Summary of WP/91/54
“Current Account Deficits, External Liabilities, and Economic Policy” by John Pitchford
Although there is now greater acceptance that macroeconomic policy should not target the current account, some economists still argue for it and some governments still practice it. The paper assesses the policy significance of foreign liabilities and the current account deficits that give rise to them from the starting point of an ideal world in which unrestricted private foreign investment would be optimal. Relaxing these ideal conditions provides a way of evaluating the argument that the size and flow of private indebtedness could signify policy problems.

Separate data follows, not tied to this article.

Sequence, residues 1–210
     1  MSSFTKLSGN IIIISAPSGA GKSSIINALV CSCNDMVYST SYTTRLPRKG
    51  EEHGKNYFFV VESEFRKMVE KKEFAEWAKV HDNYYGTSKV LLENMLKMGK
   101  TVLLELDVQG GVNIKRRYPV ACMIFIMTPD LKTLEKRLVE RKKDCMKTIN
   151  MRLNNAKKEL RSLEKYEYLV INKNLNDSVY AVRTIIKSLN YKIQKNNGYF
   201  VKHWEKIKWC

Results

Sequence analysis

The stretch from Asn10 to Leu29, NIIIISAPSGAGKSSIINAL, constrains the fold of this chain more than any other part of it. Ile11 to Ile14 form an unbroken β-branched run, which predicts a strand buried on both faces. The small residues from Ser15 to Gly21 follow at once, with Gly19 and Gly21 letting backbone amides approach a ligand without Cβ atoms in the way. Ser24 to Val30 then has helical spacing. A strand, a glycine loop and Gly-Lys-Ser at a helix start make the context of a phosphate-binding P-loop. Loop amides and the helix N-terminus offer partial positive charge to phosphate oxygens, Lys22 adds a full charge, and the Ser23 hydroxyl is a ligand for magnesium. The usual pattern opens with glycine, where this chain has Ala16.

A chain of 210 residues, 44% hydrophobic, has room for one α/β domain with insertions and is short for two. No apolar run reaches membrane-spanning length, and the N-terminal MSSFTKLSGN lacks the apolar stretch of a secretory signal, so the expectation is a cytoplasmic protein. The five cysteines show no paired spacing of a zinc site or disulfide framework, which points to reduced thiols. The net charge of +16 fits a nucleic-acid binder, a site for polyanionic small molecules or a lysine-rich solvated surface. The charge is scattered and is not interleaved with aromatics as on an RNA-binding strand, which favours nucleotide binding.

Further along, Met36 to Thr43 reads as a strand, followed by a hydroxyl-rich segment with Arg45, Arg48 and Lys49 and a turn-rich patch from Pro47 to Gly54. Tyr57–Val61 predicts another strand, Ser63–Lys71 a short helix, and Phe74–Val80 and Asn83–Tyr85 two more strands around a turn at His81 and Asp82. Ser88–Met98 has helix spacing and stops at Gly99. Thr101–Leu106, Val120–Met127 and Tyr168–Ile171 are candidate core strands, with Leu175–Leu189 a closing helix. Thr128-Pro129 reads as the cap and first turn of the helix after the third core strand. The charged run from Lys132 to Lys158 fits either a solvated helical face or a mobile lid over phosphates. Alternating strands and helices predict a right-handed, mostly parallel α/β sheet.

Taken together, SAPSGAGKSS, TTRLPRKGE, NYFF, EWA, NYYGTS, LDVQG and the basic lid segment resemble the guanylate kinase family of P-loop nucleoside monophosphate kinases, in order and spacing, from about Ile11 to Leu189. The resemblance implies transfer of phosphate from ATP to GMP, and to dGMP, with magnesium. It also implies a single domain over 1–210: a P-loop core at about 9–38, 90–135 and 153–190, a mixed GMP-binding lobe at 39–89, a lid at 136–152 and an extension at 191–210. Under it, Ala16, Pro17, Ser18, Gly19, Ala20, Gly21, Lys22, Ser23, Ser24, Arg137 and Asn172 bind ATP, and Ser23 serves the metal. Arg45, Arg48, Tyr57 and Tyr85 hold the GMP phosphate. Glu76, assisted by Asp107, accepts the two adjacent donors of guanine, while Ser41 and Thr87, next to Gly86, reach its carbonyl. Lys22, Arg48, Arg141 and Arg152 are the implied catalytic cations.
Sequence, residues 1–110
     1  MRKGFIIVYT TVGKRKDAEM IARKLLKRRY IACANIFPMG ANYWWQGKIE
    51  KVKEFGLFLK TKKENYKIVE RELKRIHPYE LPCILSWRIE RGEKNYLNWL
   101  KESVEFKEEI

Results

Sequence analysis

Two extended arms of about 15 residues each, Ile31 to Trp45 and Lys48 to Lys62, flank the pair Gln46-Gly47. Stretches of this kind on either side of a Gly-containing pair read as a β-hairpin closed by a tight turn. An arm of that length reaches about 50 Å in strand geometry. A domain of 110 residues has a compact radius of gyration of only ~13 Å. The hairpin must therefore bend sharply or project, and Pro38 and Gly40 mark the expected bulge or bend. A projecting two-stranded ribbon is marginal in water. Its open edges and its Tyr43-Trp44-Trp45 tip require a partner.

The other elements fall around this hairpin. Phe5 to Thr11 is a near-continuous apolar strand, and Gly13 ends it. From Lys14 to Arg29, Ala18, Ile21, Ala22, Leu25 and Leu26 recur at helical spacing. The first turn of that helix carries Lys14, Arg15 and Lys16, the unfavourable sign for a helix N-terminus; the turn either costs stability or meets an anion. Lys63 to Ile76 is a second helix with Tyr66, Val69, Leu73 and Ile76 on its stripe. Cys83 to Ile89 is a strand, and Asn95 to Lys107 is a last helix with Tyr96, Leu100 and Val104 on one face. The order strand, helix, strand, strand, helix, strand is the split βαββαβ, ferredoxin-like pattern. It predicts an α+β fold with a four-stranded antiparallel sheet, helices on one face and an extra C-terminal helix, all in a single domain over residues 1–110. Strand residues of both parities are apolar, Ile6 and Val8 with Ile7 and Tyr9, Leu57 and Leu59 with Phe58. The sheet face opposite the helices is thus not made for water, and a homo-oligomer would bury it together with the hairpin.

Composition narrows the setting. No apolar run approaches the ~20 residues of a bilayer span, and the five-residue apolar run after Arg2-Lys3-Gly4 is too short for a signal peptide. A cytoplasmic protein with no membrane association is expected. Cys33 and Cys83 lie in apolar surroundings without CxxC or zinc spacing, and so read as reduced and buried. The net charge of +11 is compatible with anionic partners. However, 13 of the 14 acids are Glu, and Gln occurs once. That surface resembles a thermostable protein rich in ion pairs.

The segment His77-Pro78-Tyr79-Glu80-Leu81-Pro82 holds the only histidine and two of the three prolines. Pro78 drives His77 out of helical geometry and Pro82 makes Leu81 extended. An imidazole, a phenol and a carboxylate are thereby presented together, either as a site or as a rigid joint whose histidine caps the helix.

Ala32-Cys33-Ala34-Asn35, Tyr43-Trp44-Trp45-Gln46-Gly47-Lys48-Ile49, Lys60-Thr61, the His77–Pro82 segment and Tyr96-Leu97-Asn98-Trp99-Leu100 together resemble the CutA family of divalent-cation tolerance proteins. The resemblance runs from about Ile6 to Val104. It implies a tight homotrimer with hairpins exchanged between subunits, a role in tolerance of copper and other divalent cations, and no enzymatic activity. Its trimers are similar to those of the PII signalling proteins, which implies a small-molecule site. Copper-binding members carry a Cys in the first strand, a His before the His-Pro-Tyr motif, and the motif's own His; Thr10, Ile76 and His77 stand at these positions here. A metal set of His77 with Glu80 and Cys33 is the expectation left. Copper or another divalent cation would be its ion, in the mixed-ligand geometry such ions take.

The paper concludes that while deficits and debt may have some capacity to suggest the existence of difficulties elsewhere in the economy, at best, they are imperfect indicators and, at worst, they may be very misleading if wrongly interpreted. The paper points out that the successful pursuit of internal balance could be crucial to the stabilization of current account balances. Apart from this, there seems to be no good reason for using macro policy to target the current account, although there may be grounds for microeconomic action to remedy problems that can be clearly identified. It would then seem preferable to concentrate analysis not on current account balances but on the problems, if any, that appear to be at their source.